As long as the idea of women serving as priests is considered not only to be doctrinally unfounded but even a threat or opposed to the very marriage of good and truth, it is easily dismissed. The teachings on marriage are central to the New Church and so it is understandable that they also come up centrally in the discourse of whether it is orderly for a woman to serve as an ordained minister in the General Church.

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Friday
May082015

Calling for the Lord in the Priesthood Part 2 

Tomoya adds to his discussion of gender and humanity this week. He presents a different approach to the ownership of the priesthood, suggesting that it needs to be stepped back from, and full ownership handed over to God rather than any humans of either gender. -Editor.

The Ripple Effects from before the Time of the Last Judgment

What the First Commandment addresses, namely the source from which truths ought to be thought of, has been one of the major pillars of inquiries in human philosophy. As a human philosophy, however, it ended up deciding that this source rested with us. Beginning with Descartes's cogito, which is our own immediate self-reflecting selfhood, we have come to see ourselves as a complete whole human based merely on our physical indivisibility, which is the smallest unit of our cogito. This idea was emphasized in the atheistic existentialism of Jean-Paul Sartre in the last century, wherein we were the owner of our own existence and the power of rationality, before being defined by anything else, including the Divine. In its insistence that we must keep the ownership of our own existence, this philosophy did not allow any room for us to ever start from the Divine. So it established itself diametrically against the First Commandment; the truths must not be thought of from any other source than our own cogito.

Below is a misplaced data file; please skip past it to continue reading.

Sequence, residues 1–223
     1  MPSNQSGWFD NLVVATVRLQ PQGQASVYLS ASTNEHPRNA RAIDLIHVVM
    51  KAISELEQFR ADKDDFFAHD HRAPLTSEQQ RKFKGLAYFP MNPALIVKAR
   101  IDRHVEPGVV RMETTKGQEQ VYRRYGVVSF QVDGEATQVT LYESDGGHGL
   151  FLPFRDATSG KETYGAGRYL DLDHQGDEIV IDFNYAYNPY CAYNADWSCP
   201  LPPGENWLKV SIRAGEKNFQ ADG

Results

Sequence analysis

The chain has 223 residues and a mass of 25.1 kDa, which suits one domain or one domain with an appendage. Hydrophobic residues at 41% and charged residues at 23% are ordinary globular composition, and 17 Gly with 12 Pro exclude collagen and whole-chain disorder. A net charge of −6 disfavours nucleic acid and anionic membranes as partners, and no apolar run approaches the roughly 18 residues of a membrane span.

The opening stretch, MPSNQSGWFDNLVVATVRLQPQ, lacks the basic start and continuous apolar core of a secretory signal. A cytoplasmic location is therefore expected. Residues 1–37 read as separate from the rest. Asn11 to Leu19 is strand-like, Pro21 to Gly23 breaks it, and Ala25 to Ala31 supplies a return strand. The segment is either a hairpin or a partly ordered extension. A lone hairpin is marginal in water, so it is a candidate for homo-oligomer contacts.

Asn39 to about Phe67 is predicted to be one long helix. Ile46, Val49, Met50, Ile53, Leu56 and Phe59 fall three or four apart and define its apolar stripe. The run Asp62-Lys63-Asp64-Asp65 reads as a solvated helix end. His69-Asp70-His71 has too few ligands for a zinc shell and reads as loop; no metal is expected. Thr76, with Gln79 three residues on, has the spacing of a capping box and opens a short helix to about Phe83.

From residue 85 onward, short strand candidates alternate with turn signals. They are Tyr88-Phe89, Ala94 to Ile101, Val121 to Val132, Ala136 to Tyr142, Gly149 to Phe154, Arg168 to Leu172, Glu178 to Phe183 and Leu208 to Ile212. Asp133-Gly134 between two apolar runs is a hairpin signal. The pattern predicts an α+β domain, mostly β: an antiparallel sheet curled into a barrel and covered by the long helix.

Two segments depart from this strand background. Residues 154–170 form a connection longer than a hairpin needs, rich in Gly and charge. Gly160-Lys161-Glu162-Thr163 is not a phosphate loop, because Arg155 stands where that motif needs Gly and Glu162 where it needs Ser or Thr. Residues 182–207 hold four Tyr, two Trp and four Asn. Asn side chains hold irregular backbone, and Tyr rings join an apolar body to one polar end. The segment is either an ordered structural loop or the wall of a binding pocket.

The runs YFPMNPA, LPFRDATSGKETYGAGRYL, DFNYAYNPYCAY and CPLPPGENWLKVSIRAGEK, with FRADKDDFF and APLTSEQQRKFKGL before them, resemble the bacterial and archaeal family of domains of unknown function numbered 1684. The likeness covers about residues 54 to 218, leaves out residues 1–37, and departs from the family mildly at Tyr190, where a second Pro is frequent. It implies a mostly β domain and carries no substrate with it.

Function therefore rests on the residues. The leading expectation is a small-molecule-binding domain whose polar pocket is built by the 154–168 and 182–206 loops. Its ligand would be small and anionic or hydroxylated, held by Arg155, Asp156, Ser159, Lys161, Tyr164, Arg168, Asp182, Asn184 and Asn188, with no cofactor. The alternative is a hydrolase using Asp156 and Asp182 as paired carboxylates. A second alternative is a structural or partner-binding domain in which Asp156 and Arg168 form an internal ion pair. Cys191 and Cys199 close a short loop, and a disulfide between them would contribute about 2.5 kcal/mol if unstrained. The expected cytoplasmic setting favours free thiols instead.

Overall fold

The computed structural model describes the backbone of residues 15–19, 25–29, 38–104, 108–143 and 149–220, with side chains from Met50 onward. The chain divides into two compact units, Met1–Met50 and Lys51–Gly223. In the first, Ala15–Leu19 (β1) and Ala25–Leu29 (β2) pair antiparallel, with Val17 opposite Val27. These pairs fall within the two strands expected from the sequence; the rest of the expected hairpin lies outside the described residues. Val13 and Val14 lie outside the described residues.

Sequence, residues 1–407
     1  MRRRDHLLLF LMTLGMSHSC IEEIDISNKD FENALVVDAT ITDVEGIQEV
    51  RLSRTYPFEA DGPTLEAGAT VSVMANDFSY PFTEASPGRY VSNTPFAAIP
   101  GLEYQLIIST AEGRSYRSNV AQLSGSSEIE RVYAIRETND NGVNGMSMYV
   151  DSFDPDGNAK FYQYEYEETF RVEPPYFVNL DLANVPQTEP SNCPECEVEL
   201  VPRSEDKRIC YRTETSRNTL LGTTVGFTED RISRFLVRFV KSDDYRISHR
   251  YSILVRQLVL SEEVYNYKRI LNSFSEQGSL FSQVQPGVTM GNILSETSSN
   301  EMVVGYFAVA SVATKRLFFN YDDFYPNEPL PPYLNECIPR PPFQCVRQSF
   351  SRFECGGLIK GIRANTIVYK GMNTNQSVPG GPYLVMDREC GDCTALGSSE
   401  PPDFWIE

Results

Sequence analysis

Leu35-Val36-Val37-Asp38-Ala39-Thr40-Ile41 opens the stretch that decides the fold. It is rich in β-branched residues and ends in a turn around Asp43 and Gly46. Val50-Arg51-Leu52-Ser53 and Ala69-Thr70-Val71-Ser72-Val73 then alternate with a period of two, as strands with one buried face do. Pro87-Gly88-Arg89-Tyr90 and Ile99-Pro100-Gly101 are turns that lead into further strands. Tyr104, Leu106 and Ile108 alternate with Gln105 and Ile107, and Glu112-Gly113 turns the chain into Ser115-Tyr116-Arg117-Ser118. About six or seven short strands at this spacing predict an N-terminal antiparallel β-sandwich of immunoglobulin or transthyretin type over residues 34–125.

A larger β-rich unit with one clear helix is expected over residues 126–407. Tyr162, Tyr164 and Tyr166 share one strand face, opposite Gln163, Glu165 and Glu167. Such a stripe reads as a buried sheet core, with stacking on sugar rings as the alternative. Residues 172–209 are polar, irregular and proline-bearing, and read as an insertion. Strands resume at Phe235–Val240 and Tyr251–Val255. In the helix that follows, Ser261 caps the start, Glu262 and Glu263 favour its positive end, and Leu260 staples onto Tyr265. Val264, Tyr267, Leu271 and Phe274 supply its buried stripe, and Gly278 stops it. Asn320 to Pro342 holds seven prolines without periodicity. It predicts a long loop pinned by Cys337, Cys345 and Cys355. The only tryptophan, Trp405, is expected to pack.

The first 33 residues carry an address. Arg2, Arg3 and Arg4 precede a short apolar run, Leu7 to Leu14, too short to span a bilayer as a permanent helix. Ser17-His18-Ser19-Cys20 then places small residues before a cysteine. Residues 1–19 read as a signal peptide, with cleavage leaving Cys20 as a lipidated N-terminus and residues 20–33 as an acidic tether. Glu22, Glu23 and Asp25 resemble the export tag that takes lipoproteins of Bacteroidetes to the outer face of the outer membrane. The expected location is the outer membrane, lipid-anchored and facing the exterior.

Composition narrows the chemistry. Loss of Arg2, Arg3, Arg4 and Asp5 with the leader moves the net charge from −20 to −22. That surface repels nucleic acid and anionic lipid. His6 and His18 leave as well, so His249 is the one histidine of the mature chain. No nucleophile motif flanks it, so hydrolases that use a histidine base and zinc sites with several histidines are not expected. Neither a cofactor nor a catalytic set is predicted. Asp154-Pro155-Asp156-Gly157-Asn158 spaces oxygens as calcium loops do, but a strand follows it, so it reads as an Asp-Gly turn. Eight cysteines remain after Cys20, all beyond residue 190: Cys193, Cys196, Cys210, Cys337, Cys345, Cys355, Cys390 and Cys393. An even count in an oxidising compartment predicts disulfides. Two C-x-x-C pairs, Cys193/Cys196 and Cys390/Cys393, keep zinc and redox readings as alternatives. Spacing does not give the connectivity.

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Friday
May012015

Calling for the Lord in the Priesthood Part 1

This week we have the first of a two part article by Tomoya. He takes a step back and looks at the question of the ordination of women by first looking at the ordination of human beings in general. -Editor.

Regarding the topic of women in the priesthood, I have read the articles and the reader comments as well as the most of the papers here in New Church Perspective. The more I read, the more I was drawn to the processes, rather than the products, of proponents’ arguments. I thought that I might be able to contribute to this topic from a different perspective, without exploring anything more about masculinity and femininity. We have seemingly exhausted what needs to be said about these, and I am convinced now that the call for women in the priesthood doesn’t even have much to do with masculinity and femininity, if none at all. Since this is a long article, I’d like to start with a synopsis.

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Friday
Apr242015

Journey: Walking with the Lord in Song (Mixed Media)

This week we have a song by Nora about journeying through life with the Lord. She shares here about the inspiration for the song and some of the reasons that music is important in her life, and we have a link to her song. -Editor.

While working as a music therapist in a hospice setting, my patients would often ask me why I wanted them to sing with me. They would self-deprecate with a variety of judgments and perceptions about their singing abilities. In reply, I would tell them the truth; that I've tried singing alone and with others, and that nothing brings me more joy than to share music making. As I wrote the song “Journey,” (linked below) I explored the concept of walking through life with the Lord, not on my own, and not letting Him do all the singing.